A veteran cameraman whose news crew was chased away from protests last week in Ferguson, Mo., by police lobbing tear gas and firing rubber bullets told FoxNews.com he thinks his team was targeted and that it got “absolutely no warning” prior to the barrage.
Sam Winslade, 31, said he and Al Jazeera America colleagues Ash-har Quraishi and Marla Cichowski clearly established themselves as journalists while setting up live-shot equipment about 40 feet away from police officers, some of whom were in an armored vehicle.
“I feel like it was intentional; I feel we were targeted,” Winslade said on Monday. “We were very clear that we were media. But because of our light, it was hard for them to see. They could see that we clearly were not protesters, however.”
Winslade said rubber bullets or bean bag rounds were then fired without warning, landing within feet of the crew.
“We heard them and that’s when we screamed, ‘Press, press, we’re press!’” Winslade said. “And then the tear gas came in. And when we proceeded to move away, they still fired at us. We had retreated and then moved back to our live position and when we started to move back, we were fired upon again with what was believed to be more rubber bullets.”
Although St. Louis County police were in charge of the scene at the time, Winslade said it remains unclear which agency ordered police to launch tear gas in the incident, which was caught on video. St. Louis County Police Officer Brian Schellman said the department is still trying to determine what role, if any, it played in the incident.
Al Jazeera America officials have characterized the incident as an “egregious assault on the freedom of the press,” one clearly intended to have a “chilling effect” on the network’s ability to cover the fatal police shooting of 18-year-old Michael Brown.
“Thankfully, all three crew members are physically fine,” Al Jazeera’s statement read. “We believe that this situation must be investigated along with those involving our colleagues at other media outlets.”
Footage of the incident has since surfaced online and has prompted several calls for independent investigations. The American Society of News Editors has characterized the event as part of a “concerted, top-down effort” to restrict the fundamental First Amendment rights of the public and press.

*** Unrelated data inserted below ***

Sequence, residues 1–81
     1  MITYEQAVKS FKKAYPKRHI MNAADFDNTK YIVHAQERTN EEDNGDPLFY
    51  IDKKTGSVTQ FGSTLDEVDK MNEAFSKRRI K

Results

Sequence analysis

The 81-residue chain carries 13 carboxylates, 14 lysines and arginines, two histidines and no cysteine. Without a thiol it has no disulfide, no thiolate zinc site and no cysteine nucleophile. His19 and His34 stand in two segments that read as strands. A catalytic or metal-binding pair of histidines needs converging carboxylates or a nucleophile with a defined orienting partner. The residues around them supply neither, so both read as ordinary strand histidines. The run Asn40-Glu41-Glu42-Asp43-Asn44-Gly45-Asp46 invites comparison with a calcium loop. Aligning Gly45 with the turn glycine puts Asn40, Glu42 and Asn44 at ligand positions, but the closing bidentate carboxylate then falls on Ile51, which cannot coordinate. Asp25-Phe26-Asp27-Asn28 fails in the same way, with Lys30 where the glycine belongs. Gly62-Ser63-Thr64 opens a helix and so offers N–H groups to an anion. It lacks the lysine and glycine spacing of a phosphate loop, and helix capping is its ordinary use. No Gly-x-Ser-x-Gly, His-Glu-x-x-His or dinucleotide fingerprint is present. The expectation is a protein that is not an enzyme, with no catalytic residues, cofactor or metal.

"From the beginning of this situation, the police have made conscious decisions to restrict information and images coming from Ferguson," ASNE President David Boardman said in a statement. "Of course, these efforts largely have been unsuccessful, as the nation and the world are still seeing for themselves the heinous actions of the police. For every reporter they arrest, every image they block, every citizen they censor, another will still write, photograph and speak."
The St. Charles County Sheriff’s Department has said it was not the agency that fired upon Winslade and his colleagues, but has confirmed it removed the abandoned lighting equipment after the trio fled for safer ground.
The department’s SWAT team did, however, pick the crew up later and took them to safety, according to Winslade, who said he wonders if the incident will ever be properly investigated.
“It’s hard to say really,” he said. "The main part of the story is obviously Michael Brown, so I would hate for us, as press, to be rolled up into this story. At the same time, I would like some answers. They were trying to intimidate the press from the way we were handling it and without continued pressure from the media, I suspect this event will be swept under the carpet.”
Winslade, a field journalist for more than 13 years, has since left Ferguson and returned to Chicago. He said he wasn't prepared for what he saw in the St. Louis suburb.
“We were definitely on edge,” he told FoxNews.com. “It’s one thing to expect this kind of response when you’re in places like the Middle East, but this was completely unexpected because this was middle America.”
Two autopsies, including one conducted at the request of Brown's family, determined that the teen was shot at least six times, including twice in the head. Brown’s death on Aug. 9 set off a week of heated protests and stoked racial tensions between residents of the predominantly black community and the Ferguson Police Department, prompting Gov. Jay Nixon to call in the National Guard and put the Missouri Highway Patrol in charge of security.
A grand jury could begin hearing evidence as early as Wednesday to determine whether Ferguson Police Officer Darren Wilson will faces criminal charges in Brown's death.
Cichowski, meanwhile, a former Fox News Channel field producer, told FoxNews.com she had not encountered a similar situation during her 15 years in the business.
"All of a sudden our crew vehicle that was parked on the street was hit by a rubber bullet from an armored vehicle, we rolled out 'We are press, we are with the media,'" Cichowski wrote FoxNews.com in an e-mail. "Then seconds later they fired tear gas at our direction and it hit our car/live shot location. Then we ran. Couldn't believe what was happening."